A Criminal Enterprise.
Jersey’s Public Authorities – Exposed.
Read the latest damning revelations here:
Local independent journalist Rico Sorda continues, at the link above, his apocalyptic exposé of how Jersey’s corrupt mafia regime sabotaged the child abuse investigations and corruptly and criminally suspended an honest Police Chief.
In his article, Mr. Sorda says this:
“Between September 2008 and November 12th 2008 …….some of the Islands most senior figures were up to things that I don't even know are legal.”
Let me use my experience of Jersey’s public authorities to answer Mr. Sorda’s uncertainty.
The actions of the island’s most senior figures were not legal.
And I’m not referring merely to their actions being ultra vires, in some civil sense.
The actions of senior figures such as Bill Ogley, Frank Walker, William Bailhache, David Warcup, Andrew Lewis – and the rest of them – were criminal.
The actions of these people differ in no qualitative way from the actions of a set of gangsters, running various syndicates and protection-rackets.
And as they and their ilk are what has hitherto passed as “the law” in Jersey – then plainly the rule of law has collapsed in this Crown Dependency.
Certain inevitabilities flow – inescapably.
And as we await the arrival of the rule of law in Jersey, let us reflect upon just a few of the words of Graham Power, Queens Police Medal, from his latest statement – which should be read in full on Rico Sorda’s blog.
Quotes from a Statement by Graham Power, QPM; the full text and accompanying article can be read here:
“We know from the review and report by Brian Napier QC and other documents that the Minister never saw a Review report from the Metropolitan Police (although I understand that some States Members at the time believe that he may have indicated otherwise.) What the Minister saw was a letter from the then Deputy Chief Officer, David Warcup, which purported to summarise what the Met had to say. This exchange is well described in the Napier report and interested parties should read it in full. In brief Napier found that Mr Warcup's letter did not accurately reflect the content of the Review by the Met and in particular he did not convey to the Minister the caveats and reservations in the report which, according to the advice of the Solicitor General, would have rendered it unusable for suspension purposes. It is now clear from the Napier report and from other revelations that, contrary to whatever impression the former Minister may have given at the time, the only relevant document which he appeared to have seen when he implemented my suspension was the letter from Mr Warcup and the incomplete and selective summary of the Met Review which it contained. The day after Mr Warcup submitted his letter to the Minister he was promoted to Acting Chief Officer with a significant increase in salary and pension. A few days before the publication of the Napier report he resigned.”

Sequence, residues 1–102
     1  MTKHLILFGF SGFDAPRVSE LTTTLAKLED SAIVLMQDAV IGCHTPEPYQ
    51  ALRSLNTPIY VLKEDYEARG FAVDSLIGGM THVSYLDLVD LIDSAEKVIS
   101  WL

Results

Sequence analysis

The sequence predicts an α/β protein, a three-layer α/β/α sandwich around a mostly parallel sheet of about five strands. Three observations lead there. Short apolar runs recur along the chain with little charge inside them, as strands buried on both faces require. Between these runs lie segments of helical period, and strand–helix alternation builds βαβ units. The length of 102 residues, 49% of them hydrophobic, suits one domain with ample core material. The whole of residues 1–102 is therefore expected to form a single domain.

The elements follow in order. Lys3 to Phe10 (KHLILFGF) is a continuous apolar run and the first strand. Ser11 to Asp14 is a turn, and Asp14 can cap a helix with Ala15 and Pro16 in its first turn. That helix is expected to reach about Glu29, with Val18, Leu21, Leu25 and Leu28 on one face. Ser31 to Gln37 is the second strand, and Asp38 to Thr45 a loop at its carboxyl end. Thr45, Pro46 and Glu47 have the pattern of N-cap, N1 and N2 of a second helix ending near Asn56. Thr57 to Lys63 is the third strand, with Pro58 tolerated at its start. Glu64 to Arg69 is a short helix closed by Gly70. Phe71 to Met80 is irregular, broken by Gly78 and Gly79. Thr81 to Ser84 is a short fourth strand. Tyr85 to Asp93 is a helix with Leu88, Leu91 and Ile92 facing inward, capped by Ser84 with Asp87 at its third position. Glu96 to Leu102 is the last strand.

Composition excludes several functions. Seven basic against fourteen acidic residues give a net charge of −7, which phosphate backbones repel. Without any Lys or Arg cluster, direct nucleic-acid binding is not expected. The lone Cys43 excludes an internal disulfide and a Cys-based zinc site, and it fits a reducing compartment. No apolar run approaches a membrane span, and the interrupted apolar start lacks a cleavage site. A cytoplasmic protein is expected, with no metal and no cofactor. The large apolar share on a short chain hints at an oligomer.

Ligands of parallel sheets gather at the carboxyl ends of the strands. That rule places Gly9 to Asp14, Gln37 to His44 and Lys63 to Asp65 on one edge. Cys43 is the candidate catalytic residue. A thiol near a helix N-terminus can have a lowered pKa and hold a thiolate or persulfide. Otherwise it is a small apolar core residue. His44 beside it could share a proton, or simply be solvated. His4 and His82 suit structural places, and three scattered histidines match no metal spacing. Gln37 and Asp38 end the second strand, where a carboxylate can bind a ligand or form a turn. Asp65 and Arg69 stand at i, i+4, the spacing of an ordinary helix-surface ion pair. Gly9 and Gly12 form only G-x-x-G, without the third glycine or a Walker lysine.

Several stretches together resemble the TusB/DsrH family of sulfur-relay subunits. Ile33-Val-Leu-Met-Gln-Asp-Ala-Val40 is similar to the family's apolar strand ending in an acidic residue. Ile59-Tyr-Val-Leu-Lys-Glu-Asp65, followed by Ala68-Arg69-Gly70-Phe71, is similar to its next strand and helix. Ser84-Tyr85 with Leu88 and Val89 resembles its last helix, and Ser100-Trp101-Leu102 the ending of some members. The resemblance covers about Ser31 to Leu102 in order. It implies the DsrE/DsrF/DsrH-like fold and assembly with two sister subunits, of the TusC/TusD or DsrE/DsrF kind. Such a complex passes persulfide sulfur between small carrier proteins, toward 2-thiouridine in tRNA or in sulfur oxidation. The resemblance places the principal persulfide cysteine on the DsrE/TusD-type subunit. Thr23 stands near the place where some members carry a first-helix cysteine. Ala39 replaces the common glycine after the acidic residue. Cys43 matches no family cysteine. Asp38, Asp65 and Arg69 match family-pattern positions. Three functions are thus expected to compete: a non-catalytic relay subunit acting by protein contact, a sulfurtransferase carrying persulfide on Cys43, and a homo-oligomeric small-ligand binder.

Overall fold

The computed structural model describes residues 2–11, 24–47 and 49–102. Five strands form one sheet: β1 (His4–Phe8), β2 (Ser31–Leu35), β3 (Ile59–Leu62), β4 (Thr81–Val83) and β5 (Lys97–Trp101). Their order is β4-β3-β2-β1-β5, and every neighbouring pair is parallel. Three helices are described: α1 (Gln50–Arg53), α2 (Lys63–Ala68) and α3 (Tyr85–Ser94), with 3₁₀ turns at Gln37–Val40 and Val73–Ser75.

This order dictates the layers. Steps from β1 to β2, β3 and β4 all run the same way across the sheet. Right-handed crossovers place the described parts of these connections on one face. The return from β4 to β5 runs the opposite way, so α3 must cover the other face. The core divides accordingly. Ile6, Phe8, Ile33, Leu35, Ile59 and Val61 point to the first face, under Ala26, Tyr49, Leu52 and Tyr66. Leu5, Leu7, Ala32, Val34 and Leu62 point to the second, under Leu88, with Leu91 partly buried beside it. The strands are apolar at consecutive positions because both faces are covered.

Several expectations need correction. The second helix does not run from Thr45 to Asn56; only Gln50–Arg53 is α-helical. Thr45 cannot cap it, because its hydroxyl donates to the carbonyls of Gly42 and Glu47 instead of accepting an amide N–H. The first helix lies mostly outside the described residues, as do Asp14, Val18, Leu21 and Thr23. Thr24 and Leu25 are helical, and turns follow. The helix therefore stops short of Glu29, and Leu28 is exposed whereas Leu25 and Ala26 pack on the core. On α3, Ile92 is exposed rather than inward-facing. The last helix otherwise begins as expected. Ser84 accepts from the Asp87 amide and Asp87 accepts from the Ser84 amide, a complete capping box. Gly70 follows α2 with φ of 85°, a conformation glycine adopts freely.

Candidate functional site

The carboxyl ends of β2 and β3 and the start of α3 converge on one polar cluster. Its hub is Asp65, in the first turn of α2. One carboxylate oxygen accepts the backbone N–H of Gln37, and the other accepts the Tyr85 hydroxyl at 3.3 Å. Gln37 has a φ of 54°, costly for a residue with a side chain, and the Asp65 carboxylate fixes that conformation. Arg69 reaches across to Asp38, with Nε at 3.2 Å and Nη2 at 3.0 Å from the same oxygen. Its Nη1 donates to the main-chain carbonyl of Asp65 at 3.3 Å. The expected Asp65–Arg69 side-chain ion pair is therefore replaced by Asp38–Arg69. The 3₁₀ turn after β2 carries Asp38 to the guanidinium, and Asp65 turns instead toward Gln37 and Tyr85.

“Finally, there is one additional point which may be of value to those interested in the case. The Chief Officer of the Islands Police is not an employee of the States. He is in the words of the Islands Attorney General an "Officer of the Crown" who is sworn by the Royal Court to "Serve the Queen." The means by which the postholder can be suspended or removed are prescribed by law. It is not an employment process but a legal process which is subject to review by the Courts. The legal and constitutional implications of such an act are significant. If such a process was implemented or supported on the basis of evidence which was fabricated, amended, mis-represented or falsified in any way, or if any relevant evidence was wilfully destroyed, that would be a grave matter and ought to have significant implications for those involved.”